In consent agenda items, the board accepted donations from Gary Chamness in the amount of $9,890 for baseball and football field work. Also, the board accepted donations of $55 from the Williams Harmony Club towards

Special Needs and $50 from the Kamrar First Presbyterian Church of Kamrar towards Special Needs.

In Good Sharing News, Hocking noted that a Special Education student is being staffed out due to academic achievement. Also, parents have been contacted that NEH student homework completion is improving.

Hocking also reported that sixth grade students have skyped with US Sen. Charles Grassley R-IA, Iowa Gov. Terry Branstad and State of Iowa House Majority leader Linda Upmeyer. The students also conducted an election and Abe Lincoln was elected president.

The board received the first half of the 700 section of board policy for review. The first half will be reviewed in January and the second half will be reviewed in February. The entire 700 section of board policy will be considered for a vote at the February school board meeting. Hocking reported on the status of monitoring the former site in Blairsburg where three underground gasoline storage tanks were located. The tanks were owned by the NEH district and were installed near the bus barn in downtown Blairsburg. The tanks were removed over 20 years ago from the Lake Street location, but prior to that removal, one of the tanks leaked into the surrounding ground and eventually into area groundwater.

The site had been identified as a high risk location due to the fact that two municipal drinking water wells were located in the vicinity.

In February 2008, Trileaf, an environmental and property consultant firm, installed underground monitoring wells at the behest of the Iowa Department of Natural Resources.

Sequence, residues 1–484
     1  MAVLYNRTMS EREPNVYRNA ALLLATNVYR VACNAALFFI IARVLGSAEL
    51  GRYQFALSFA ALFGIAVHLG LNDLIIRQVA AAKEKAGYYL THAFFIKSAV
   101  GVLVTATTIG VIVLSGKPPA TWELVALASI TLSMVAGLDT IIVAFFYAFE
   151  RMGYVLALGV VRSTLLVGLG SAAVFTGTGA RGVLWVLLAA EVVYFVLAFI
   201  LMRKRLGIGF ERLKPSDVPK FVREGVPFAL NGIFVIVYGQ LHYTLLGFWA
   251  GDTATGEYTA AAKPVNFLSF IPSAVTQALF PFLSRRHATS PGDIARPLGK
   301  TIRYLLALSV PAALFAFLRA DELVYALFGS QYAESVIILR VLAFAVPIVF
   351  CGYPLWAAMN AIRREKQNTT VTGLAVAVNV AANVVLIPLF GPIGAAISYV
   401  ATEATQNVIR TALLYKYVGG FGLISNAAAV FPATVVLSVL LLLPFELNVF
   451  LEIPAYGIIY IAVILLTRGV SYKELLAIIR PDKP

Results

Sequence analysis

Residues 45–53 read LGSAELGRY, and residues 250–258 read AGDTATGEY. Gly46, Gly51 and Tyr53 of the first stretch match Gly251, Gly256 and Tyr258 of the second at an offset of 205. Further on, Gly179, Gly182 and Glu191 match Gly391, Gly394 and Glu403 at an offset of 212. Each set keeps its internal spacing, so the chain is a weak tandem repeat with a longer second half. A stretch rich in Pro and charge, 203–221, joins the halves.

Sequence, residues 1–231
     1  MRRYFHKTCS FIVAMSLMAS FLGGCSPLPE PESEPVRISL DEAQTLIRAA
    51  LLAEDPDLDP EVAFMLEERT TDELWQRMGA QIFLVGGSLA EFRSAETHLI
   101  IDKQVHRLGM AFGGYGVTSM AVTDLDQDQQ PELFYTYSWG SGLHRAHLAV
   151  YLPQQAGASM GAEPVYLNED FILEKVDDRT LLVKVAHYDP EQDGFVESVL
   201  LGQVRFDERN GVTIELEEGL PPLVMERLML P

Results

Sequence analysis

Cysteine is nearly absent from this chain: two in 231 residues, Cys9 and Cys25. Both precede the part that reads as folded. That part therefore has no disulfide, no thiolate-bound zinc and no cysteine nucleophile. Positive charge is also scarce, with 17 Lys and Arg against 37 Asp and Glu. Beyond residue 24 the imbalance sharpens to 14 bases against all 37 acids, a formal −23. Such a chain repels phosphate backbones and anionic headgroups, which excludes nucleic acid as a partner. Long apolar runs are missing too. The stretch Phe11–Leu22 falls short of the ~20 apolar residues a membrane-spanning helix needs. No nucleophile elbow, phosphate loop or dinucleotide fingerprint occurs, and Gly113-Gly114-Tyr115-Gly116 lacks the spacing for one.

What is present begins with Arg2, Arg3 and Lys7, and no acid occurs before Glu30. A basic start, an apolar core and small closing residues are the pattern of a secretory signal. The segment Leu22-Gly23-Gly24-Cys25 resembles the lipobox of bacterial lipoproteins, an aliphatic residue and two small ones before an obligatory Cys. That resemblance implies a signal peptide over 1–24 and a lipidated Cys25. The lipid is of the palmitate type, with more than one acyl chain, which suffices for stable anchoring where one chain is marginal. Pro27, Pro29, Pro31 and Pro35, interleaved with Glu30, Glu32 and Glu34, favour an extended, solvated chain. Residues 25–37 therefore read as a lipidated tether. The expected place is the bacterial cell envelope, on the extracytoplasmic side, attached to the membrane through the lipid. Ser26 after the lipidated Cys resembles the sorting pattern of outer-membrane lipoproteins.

Trileaf had expected the site would be removed from the monitoring watch list but Hocking reported that the district will have to continue surveillance at an annual cost of $4,285.

"Hopefully some day we can be taken off the list," Hocking told the board.

The board received the letter of Intent from the NEH Education Association. Kim Schaa will serve as the board's representative in negotiations with the teachers' association which are set to begin in January.

Board members commented on the positive experience of attending the Iowa School Board Conference held in Des Moines in November.

It was noted that the IASB is focused on promoting technology in the schools.

"Our little school is so far ahead of so many bigger schools in the state," noted Board Member Roxanne Anderson, regarding the iPads used in the district.

Hocking reported that the NEH Christmas break will begin at the conclusion of the school day on Dec. 21 and resume on Jan. 3.

Hocking asked board members to review the finance packet from the Iowa School board which explores possibilities of school districts establishing school run day care. Hocking noted that area parents struggled to find alternatives after one local day care closed.

"It was a hardship on many families and we have lost some children in enrollment because of it," said Hocking.

Hocking was granted permission by the board to invite Sarah Binder to speak at the January meeting in regards to establishing a school run day care.

The January NEH school board meeting will be held on Jan 10 at 7 p.m. in the Media Center.